USS West Virginia – Pearl Harbor to Tokyo Bay — Pacific Paratrooper (Reblog)

Her wounds had been grievous that morning in 1941, when Japanese torpedo bombers  swept low over the shallow waters of Pearl Harbor and unleashed their deadly cargoes at the easy targets moored along Battleship Row.  The surface might of the U.S. Pacific Fleet was virtually helpless against the onslaught, and those ships moored outboard received […]

USS West Virginia – Pearl Harbor to Tokyo Bay — Pacific Paratrooper

***Reblogged by Francis Barker 2020. World War II history…

Want To Share Your Writing? Join Our Writing Team! The History Table & Other Updates! — THE CHRONICLES OF HISTORY (Reblog)

The Chronicles of History is looking to develop a writing team for the blog and I am looking for guest posters if any history writers are interested in having their work published and shared on our site! The blog mainly covers U.S History, Medieval History, Royal History, and both World Wars. We also share book […]

Want To Share Your Writing? Join Our Writing Team! The History Table & Other Updates! — THE CHRONICLES OF HISTORY

Haiku: War’s Hollow Victory

losers and winners
Photo by Hasan Almasi

Haiku copyright Francis Barker 2020

Are there ever any real victors in conflict? When so many people die, who wins? The idea of war is even being projected into ‘space’ – a star war. War appears to be an endemic human condition. I dispute this. The lesson of war is to avoid it – period.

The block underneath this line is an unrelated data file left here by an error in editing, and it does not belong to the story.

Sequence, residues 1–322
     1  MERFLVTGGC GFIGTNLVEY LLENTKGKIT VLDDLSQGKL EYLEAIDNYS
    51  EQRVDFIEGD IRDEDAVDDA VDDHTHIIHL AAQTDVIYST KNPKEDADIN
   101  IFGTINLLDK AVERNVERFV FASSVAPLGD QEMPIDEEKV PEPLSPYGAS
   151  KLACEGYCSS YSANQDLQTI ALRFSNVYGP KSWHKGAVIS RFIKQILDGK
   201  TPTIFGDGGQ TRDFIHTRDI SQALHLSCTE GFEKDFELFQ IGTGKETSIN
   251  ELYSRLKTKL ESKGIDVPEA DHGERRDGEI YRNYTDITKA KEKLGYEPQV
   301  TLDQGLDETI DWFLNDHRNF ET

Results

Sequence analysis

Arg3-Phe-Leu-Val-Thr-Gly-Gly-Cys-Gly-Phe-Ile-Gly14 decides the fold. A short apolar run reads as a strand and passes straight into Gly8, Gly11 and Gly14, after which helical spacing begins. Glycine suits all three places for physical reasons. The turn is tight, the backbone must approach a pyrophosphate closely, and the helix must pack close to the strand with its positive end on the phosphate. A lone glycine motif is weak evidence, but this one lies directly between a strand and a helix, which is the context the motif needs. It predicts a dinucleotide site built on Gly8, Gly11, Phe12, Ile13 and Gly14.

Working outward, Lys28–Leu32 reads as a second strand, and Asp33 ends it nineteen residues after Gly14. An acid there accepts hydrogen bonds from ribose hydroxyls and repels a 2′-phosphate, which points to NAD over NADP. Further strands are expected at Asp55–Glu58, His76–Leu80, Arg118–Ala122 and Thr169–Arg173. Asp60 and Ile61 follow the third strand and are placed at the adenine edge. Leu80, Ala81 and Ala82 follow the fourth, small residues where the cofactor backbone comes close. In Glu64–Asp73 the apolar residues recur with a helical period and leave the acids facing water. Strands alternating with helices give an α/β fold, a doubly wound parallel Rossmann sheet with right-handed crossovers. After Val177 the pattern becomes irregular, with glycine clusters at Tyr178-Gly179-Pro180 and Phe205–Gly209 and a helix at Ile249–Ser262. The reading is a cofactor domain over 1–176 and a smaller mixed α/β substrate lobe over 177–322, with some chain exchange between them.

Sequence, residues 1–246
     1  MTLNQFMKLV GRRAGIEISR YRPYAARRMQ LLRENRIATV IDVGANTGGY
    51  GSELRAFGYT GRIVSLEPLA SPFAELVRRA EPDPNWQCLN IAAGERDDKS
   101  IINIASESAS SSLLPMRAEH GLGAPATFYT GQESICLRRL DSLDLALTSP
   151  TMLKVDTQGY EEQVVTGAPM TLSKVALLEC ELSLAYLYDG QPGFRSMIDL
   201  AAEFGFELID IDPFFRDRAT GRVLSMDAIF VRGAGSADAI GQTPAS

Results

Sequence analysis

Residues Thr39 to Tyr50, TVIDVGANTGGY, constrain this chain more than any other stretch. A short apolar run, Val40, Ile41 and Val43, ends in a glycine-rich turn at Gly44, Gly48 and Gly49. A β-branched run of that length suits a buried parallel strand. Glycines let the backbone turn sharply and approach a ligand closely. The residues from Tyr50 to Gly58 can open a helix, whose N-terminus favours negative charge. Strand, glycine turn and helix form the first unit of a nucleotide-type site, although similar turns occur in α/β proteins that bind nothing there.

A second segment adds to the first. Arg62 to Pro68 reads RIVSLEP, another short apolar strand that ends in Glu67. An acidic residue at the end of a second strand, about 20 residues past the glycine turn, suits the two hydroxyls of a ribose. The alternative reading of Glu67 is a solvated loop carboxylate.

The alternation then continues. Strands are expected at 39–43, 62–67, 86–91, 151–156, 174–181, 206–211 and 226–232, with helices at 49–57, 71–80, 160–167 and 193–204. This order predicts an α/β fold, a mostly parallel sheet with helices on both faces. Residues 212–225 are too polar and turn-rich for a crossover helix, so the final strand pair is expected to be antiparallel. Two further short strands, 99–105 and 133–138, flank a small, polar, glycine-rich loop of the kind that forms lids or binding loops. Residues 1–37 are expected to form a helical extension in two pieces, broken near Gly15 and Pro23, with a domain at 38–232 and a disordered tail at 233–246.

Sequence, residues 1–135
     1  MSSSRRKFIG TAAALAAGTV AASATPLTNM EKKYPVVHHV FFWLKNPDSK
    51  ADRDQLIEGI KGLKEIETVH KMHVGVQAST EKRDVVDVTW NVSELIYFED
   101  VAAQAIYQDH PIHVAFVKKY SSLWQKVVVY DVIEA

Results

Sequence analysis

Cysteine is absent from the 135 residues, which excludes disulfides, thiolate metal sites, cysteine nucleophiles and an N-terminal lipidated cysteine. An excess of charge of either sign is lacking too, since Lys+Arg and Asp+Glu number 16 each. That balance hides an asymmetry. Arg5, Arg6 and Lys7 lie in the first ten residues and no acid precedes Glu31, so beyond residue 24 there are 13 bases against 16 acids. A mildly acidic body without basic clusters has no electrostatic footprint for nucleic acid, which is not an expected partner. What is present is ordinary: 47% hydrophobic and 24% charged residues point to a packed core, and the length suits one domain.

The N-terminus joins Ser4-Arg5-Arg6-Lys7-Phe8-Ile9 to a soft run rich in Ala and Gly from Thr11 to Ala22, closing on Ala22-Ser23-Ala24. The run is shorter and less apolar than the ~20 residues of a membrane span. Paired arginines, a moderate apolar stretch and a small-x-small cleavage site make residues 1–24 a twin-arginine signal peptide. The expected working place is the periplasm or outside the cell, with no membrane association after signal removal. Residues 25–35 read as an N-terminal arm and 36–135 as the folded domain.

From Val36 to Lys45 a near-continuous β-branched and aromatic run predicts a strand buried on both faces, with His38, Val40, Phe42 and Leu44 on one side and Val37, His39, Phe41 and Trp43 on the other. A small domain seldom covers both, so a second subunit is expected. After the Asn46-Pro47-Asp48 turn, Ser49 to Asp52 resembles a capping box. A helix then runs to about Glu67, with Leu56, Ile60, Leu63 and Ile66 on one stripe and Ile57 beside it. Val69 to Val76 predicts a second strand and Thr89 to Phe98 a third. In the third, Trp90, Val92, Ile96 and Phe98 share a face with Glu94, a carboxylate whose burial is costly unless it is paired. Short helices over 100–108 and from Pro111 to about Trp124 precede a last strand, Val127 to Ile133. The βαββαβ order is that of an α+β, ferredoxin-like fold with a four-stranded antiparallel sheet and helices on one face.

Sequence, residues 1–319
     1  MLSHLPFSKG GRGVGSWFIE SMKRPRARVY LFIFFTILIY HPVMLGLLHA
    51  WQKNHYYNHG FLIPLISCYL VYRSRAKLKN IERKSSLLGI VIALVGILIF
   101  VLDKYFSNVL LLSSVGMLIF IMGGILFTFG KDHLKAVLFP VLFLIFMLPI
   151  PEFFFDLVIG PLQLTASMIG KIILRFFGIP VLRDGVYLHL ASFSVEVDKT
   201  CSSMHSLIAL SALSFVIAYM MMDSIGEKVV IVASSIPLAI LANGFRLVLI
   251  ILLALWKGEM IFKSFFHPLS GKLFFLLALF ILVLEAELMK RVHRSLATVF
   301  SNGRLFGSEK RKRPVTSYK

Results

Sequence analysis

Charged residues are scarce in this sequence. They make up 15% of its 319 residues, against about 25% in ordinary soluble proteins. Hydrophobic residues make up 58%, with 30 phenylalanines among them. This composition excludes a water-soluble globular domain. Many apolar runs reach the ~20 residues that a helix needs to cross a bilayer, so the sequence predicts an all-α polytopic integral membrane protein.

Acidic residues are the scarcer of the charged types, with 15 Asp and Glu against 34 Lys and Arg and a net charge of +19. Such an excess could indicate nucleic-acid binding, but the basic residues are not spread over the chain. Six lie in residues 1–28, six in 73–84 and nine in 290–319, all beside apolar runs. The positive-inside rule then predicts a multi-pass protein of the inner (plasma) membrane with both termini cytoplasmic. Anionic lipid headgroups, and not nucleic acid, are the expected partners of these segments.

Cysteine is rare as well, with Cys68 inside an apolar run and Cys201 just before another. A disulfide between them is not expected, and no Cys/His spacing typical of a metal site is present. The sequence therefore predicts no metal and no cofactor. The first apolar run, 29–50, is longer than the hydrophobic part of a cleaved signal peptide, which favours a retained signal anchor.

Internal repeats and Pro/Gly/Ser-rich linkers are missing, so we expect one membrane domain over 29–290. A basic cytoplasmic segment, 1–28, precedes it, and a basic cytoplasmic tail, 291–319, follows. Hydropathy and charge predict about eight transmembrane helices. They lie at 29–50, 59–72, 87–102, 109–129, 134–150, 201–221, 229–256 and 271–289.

What on Earth’s Been Going Down in Antarctica?

cold nature cute ice
Photo by Pixabay on Pexels.com

There have been rumours and several ‘conspiracy theories’ since the Second World War claiming that the Germans built a secret base in Antarctica, creating a kind of breakaway civilisation.

Now, with another story in the news about an apparently sophisticated 400 ft ship being found in an iceberg off the coast of Antarctica, these stories have resurfaced once again.

It is known that the Germans made several expeditions to Antarctica prior to the war. When by 1942 they realised they were going to lose, they apparently began to secretly transfer men and materials to a hidden base they had created in Antarctica, in a region called Neuschwabenland. Here, allegedly, they found areas free of ice, as well as areas under the ice they could inhabit safely.

Are Flying Saucers Real?